The Orchestra of the Filipino Youth is Ang Misyon’s commitment to nurturing the growth of underprivileged children through classical music.
Sixty-eight young musicians sit on a stage in the auditorium of the Department of Foreign Affairs building, in front of an audience much older than them. They are a group of important people—the country’s Diplomatic Corps and the DFA community—and some of the musicians have sweat running down their foreheads. After shakily going through their first piece, their conductor asks through the microphone, “What happened? Are you shy? Are you nervous?” Yes, they mumble.
The conductor faces the audience and says, “I will change the repertoire. With the next piece, I assure you they will play with more confidence.” And they do. At the first downbeat of their own rendition of the song “Pinoy Ako” by rock band Orange & Lemons, they all start to smile. One by one, all the sections, the strings, wind, percussion, come to life. They shake the first-song jitters away and remember that they are the Orchestra of the Filipino Youth (OFY). They are an army of great musicians. And they make up a chunk of the future generation.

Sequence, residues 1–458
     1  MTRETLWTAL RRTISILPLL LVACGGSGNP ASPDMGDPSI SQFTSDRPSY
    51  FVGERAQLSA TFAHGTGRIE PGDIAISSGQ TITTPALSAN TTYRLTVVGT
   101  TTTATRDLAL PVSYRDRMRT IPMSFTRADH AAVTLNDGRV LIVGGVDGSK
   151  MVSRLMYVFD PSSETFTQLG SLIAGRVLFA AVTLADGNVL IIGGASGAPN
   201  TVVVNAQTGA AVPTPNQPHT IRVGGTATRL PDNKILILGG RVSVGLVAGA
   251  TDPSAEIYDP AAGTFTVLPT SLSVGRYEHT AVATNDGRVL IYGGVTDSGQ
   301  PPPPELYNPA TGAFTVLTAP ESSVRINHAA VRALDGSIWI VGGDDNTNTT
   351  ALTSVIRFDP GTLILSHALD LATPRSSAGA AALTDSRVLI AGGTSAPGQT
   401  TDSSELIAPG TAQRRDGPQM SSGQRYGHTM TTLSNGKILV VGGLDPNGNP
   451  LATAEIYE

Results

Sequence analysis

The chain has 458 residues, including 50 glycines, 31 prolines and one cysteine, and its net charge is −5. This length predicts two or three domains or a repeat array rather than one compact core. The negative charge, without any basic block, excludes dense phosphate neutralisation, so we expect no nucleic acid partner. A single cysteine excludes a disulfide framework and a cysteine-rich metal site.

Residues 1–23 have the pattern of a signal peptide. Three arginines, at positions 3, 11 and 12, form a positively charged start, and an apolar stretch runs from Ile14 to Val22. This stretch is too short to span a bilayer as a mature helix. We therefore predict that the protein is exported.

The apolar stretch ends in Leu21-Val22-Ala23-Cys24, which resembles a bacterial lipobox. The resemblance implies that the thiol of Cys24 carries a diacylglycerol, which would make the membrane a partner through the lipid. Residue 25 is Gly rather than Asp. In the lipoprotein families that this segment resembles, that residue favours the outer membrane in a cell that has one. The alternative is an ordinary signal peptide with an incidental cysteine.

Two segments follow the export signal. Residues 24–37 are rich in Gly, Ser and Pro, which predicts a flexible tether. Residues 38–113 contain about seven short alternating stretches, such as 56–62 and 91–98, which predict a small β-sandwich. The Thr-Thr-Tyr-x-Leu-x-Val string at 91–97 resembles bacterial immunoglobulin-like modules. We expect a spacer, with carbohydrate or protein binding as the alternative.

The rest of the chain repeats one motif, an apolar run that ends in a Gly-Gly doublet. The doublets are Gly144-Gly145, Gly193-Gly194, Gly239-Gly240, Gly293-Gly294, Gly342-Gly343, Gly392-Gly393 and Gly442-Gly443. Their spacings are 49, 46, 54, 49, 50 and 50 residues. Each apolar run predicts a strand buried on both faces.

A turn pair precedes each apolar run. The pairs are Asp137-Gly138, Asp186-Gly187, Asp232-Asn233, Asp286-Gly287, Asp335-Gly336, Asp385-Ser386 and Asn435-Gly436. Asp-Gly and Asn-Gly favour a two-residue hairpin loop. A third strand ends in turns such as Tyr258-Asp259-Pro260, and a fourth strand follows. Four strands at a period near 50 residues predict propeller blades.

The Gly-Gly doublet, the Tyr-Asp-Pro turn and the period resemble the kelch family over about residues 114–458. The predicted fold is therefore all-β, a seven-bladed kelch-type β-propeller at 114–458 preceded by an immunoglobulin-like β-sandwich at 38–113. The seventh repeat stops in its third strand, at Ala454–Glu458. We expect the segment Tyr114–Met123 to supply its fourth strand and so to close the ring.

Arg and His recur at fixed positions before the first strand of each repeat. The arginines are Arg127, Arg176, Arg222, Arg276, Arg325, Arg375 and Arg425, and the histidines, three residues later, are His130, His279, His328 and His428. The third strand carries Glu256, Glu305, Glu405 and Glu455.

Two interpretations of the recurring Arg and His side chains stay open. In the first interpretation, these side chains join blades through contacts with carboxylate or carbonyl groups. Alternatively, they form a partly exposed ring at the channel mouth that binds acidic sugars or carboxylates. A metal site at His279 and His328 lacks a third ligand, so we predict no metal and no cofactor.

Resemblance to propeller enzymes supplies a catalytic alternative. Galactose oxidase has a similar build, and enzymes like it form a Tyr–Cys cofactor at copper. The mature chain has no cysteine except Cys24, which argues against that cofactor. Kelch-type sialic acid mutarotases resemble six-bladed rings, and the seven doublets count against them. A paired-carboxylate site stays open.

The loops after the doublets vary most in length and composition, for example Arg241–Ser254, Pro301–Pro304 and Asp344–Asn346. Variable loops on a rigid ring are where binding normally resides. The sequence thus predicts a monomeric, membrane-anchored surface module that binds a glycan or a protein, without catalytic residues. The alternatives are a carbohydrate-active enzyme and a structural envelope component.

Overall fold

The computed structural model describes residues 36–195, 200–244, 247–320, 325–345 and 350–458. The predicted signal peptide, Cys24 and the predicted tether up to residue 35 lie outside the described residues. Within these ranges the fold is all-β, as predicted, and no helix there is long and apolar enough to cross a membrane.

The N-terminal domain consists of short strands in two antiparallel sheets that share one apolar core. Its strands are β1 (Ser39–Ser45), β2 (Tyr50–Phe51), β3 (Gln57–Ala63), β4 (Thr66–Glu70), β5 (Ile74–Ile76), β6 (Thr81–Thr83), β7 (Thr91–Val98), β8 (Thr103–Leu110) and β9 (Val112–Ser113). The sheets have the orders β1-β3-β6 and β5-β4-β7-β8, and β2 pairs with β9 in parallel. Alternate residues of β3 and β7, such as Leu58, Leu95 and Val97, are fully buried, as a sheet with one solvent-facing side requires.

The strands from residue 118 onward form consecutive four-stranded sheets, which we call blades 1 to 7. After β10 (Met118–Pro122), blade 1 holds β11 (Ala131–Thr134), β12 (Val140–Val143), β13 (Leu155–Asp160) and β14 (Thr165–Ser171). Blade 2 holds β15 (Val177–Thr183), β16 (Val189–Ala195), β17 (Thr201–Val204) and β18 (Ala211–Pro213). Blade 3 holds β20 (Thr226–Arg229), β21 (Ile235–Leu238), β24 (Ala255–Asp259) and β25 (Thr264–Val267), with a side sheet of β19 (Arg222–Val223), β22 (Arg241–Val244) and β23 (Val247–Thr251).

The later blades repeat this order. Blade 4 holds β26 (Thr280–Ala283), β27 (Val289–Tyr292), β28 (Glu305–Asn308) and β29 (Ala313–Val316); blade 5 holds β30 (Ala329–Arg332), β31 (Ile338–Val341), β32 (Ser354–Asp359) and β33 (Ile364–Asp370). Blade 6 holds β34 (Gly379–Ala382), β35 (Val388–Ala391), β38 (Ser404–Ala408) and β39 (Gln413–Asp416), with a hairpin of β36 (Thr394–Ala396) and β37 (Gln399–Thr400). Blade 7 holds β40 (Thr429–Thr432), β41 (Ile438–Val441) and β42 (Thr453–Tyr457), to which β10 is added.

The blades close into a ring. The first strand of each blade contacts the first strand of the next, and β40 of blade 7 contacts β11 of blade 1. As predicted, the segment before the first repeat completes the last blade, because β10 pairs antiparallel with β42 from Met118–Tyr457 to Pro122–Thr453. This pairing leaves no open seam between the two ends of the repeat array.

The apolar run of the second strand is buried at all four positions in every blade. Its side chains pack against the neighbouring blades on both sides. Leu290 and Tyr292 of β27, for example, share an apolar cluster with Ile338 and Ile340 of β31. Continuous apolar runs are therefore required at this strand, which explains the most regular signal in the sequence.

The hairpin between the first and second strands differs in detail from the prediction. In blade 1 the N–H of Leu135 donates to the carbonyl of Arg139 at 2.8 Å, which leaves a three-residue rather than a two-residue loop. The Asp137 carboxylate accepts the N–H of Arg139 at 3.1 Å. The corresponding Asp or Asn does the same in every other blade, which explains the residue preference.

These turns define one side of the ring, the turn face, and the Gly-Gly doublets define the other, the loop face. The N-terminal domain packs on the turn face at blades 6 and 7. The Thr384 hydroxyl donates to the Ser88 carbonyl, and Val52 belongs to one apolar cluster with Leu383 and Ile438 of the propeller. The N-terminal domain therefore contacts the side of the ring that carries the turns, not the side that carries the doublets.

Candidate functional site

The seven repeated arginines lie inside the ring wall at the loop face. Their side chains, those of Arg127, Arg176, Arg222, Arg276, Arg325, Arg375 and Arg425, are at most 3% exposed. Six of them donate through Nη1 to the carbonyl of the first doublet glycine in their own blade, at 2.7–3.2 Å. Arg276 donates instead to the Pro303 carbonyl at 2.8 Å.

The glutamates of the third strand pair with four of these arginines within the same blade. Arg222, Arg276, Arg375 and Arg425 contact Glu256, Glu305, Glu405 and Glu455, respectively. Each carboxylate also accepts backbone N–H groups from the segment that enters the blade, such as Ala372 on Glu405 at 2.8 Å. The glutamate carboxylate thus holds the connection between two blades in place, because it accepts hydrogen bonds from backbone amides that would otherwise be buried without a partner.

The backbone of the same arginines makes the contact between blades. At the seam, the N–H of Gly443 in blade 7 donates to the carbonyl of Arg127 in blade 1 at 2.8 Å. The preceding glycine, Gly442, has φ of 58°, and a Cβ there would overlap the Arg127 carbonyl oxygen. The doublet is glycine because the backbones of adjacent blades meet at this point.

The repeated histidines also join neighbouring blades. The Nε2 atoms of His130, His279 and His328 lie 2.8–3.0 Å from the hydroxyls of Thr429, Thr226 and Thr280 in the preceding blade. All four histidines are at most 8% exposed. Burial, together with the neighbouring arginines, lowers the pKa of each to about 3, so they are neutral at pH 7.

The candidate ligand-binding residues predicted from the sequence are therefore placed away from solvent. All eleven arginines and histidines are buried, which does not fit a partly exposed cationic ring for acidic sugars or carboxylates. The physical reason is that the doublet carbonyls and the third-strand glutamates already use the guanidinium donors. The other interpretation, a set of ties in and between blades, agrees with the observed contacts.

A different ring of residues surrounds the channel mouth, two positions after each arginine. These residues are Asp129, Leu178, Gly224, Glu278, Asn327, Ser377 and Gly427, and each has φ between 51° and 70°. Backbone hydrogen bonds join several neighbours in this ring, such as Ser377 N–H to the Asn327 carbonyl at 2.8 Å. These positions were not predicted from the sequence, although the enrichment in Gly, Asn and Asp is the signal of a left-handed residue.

“Music really just helps me stay sane,” says Amira Miel, 16, one of the orchestra’s violinists. She started playing the violin when she was 4. “If I stop playing music, it feels like there's something missing.”
Amira used to fly in from Cebu, where she is in junior high, to Manila every Saturday for rehearsals. Her airfare and meals were all accounted for, resulting from the generosity of a donor and as part of her special arrangement with Ang Misyon, the organization that manages OFY and provides support for their musical development.
Ang Misyon’s Orchestra of the Filipino Youth is an after-school program that “offers children from marginalized communities the opportunity to achieve their full musical potential through the Classical Music discipline, with the ultimate hope of creating a positive impact on their respective communities,” as their website says.
Including Amira, most of the orchestra members graduated from this program, on its helm over 900 children, their ages ranging from 9 to 25, hailing from several communities from Manila, the Talim Islands, Batangas, Isabela, Iloilo, Tacloban and others. With satellite operations in different provinces, Ang Misyon gives children from lower to middle class backgrounds free music education, rehearsal and transportation allowances, and an instrument if they lack one.